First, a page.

Reducing tower fatigue through blade back twist and active pitch-to-stall control strategy, for a semi-submersible floating offshore wind turbine

Dawn Ward, Maurizio Collu, Joy Sumner

Research output: Contribution to journalArticle

Abstract

The necessity of producing more electricity from renewable sources has been driven predominantly by the need to prevent irreversible climate chance. Currently, industry is looking towards floating offshore wind turbine solutions to form part of their future renewable portfolio. However, wind turbine loads are often increased when mounted on a floating rather than fixed platform. Negative damping must also be avoided to prevent tower oscillations. By presenting a turbine actively pitching-to-stall, the impact on the tower fore–aft bending moment of a blade with back twist towards feather as it approaches the tip was explored, utilizing the time domain FAST v8 simulation tool. The turbine was coupled to a floating semisubmersible platform, as this type of floater suffers from increased fore–aft oscillations of the tower, and therefore could benefit from this alternative control approach. Correlation between the responses of the blade’s flapwise bending moment and the tower base’s fore–aft moment was observed with this back-twisted pitch-to-stall blade. Negative damping was also avoided by utilizing a pitch-to-stall control strategy. At 13 and 18 m/s mean turbulent winds, a 20% and 5.8% increase in the tower axial fatigue life was achieved, respectively. Overall, it was shown that the proposed approach seems to be effective in diminishing detrimental oscillations of the power output and in enhancing the tower axial fatigue life.
LanguageEnglish
Article number1897
Number of pages16
JournalEnergies
Volume12
Issue number10
DOIs
Publication statusPublished - 18 May 2019

Fingerprint

Offshore wind turbines
Wind Turbine
Blade
Twist
Fatigue
Towers
Control Strategy
Fatigue Life
Fatigue of materials
Turbine
Oscillation
Moment
Damping
Diminishing
Bending moments
Simulation Tool
Electricity
Climate
Time Domain
Turbines

Keywords

  • floating offshore wind turbine (FOWT)
  • pitch-to-stall
  • blade black twist
  • tower fore–aft moments
  • negative damping
  • blade flapwise moment
  • tower axial fatigue life

Cite this

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title = "Reducing tower fatigue through blade back twist and active pitch-to-stall control strategy, for a semi-submersible floating offshore wind turbine",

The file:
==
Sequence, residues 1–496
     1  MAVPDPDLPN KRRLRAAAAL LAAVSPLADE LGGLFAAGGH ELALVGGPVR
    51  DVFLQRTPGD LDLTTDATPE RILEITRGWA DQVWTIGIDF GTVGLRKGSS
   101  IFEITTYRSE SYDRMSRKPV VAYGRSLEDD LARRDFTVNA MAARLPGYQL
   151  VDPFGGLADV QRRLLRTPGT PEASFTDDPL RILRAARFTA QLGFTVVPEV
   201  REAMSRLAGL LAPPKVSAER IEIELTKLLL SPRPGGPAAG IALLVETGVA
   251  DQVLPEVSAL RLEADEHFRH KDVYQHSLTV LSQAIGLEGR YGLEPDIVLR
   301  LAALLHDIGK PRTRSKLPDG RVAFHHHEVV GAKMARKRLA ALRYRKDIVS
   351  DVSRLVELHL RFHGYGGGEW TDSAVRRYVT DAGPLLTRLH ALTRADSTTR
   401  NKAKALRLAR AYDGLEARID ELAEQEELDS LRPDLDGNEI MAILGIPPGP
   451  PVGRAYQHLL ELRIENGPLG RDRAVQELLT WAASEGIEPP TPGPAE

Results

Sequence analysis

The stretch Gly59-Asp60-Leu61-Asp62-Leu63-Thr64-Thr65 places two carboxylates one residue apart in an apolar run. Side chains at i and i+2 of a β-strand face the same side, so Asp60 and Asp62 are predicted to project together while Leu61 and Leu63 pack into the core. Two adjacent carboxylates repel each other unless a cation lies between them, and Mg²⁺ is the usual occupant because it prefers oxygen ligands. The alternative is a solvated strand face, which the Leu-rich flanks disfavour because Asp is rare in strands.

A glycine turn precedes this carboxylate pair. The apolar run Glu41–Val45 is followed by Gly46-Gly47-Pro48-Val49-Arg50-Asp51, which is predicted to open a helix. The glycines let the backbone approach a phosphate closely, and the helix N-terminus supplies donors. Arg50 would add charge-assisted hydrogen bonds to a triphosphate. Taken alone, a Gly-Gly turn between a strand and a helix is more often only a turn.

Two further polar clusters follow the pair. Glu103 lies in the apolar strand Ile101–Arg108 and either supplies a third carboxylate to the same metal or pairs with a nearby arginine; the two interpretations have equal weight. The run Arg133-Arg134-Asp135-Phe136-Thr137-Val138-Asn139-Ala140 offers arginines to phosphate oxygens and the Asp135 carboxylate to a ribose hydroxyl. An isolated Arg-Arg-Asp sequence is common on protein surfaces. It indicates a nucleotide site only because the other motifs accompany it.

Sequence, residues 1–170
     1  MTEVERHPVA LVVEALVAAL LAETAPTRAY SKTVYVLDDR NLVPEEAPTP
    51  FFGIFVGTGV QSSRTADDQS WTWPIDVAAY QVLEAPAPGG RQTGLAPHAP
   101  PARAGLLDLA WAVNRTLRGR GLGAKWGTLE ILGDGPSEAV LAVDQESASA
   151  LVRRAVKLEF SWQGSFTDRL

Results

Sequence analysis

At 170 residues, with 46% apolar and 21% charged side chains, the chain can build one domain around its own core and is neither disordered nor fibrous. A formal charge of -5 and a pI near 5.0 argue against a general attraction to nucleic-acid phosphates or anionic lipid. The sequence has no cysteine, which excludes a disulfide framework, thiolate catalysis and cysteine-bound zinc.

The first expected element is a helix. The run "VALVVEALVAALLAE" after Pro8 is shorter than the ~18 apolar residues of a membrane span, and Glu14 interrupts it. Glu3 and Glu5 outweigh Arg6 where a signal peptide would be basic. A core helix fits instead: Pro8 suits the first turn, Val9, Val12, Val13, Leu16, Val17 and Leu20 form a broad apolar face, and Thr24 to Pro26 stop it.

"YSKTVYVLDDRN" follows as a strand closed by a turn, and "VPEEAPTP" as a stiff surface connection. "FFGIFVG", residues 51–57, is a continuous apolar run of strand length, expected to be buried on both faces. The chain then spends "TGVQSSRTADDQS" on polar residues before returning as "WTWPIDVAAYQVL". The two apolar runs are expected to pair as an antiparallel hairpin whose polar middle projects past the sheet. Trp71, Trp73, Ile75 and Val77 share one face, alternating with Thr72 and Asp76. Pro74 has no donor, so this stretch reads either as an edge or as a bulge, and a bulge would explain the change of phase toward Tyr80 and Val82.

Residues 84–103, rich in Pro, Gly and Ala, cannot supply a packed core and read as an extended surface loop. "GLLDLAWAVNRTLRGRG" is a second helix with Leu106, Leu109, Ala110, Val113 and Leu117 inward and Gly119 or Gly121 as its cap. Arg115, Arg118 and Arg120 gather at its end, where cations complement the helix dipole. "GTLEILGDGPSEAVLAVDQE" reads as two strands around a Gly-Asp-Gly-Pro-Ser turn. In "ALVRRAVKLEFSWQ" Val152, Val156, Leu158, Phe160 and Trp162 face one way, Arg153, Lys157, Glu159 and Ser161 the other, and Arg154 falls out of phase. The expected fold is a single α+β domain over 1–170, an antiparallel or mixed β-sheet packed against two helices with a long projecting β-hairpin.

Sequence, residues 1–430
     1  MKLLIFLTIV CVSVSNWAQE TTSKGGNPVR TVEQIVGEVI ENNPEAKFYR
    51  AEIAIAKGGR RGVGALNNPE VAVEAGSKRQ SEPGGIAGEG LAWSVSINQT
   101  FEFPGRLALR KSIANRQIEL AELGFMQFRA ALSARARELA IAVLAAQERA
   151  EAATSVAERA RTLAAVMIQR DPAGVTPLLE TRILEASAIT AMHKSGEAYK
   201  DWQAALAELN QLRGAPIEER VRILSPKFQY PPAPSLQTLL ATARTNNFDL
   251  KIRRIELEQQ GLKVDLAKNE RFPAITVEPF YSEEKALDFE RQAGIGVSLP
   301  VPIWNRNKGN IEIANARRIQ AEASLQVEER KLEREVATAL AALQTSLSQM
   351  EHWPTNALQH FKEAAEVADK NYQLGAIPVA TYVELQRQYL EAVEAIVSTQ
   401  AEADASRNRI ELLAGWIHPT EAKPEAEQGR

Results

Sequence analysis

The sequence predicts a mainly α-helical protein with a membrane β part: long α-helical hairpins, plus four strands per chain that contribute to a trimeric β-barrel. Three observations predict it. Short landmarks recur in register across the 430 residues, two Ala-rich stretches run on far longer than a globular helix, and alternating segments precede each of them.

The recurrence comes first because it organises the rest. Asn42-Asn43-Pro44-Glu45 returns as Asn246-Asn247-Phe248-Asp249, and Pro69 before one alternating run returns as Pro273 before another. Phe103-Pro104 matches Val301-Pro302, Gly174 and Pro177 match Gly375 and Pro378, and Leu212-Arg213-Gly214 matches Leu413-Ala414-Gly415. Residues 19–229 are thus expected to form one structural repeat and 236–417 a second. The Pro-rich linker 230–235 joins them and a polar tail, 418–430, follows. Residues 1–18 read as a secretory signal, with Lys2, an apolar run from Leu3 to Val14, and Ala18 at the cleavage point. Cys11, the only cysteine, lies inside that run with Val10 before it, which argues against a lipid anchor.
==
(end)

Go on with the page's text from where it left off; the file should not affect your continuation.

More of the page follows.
abstract = "The necessity of producing more electricity from renewable sources has been driven predominantly by the need to prevent irreversible climate chance. Currently, industry is looking towards floating offshore wind turbine solutions to form part of their future renewable portfolio. However, wind turbine loads are often increased when mounted on a floating rather than fixed platform. Negative damping must also be avoided to prevent tower oscillations. By presenting a turbine actively pitching-to-stall, the impact on the tower fore–aft bending moment of a blade with back twist towards feather as it approaches the tip was explored, utilizing the time domain FAST v8 simulation tool. The turbine was coupled to a floating semisubmersible platform, as this type of floater suffers from increased fore–aft oscillations of the tower, and therefore could benefit from this alternative control approach. Correlation between the responses of the blade’s flapwise bending moment and the tower base’s fore–aft moment was observed with this back-twisted pitch-to-stall blade. Negative damping was also avoided by utilizing a pitch-to-stall control strategy. At 13 and 18 m/s mean turbulent winds, a 20{\%} and 5.8{\%} increase in the tower axial fatigue life was achieved, respectively. Overall, it was shown that the proposed approach seems to be effective in diminishing detrimental oscillations of the power output and in enhancing the tower axial fatigue life.",
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Reducing tower fatigue through blade back twist and active pitch-to-stall control strategy, for a semi-submersible floating offshore wind turbine. / Ward, Dawn; Collu, Maurizio; Sumner, Joy.

In: Energies, Vol. 12, No. 10, 1897, 18.05.2019.

Research output: Contribution to journalArticle

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